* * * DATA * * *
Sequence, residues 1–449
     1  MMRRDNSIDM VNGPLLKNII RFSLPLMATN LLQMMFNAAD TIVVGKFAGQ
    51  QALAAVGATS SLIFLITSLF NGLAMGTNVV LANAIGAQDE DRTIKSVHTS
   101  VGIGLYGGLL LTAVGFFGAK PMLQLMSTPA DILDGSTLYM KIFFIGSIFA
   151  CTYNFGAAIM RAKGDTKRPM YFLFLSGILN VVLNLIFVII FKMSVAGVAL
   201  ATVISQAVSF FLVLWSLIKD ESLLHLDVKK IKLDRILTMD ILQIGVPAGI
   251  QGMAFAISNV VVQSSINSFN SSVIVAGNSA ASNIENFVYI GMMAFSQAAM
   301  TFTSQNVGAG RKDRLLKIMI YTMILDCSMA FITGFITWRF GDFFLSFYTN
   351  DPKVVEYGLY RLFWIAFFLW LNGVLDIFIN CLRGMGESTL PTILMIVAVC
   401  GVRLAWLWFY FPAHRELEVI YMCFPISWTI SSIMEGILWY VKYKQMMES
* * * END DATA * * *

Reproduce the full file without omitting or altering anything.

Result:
Sequence, residues 1–449
     1  MMRRDNSIDM VNGPLLKNII RFSLPLMATN LLQMMFNAAD TIVVGKFAGQ
    51  QALAAVGATS SLIFLITSLF NGLAMGTNVV LANAIGAQDE DRTIKSVHTS
   101  VGIGLYGGLL LTAVGFFGAK PMLQLMSTPA DILDGSTLYM KIFFIGSIFA
   151  CTYNFGAAIM RAKGDTKRPM YFLFLSGILN VVLNLIFVII FKMSVAGVAL
   201  ATVISQAVSF FLVLWSLIKD ESLLHLDVKK IKLDRILTMD ILQIGVPAGI
   251  QGMAFAISNV VVQSSINSFN SSVIVAGNSA ASNIENFVYI GMMAFSQAAM
   301  TFTSQNVGAG RKDRLLKIMI YTMILDCSMA FITGFITWRF GDFFLSFYTN
   351  DPKVVEYGLY RLFWIAFFLW LNGVLDIFIN CLRGMGESTL PTILMIVAVC
   401  GVRLAWLWFY FPAHRELEVI YMCFPISWTI SSIMEGILWY VKYKQMMES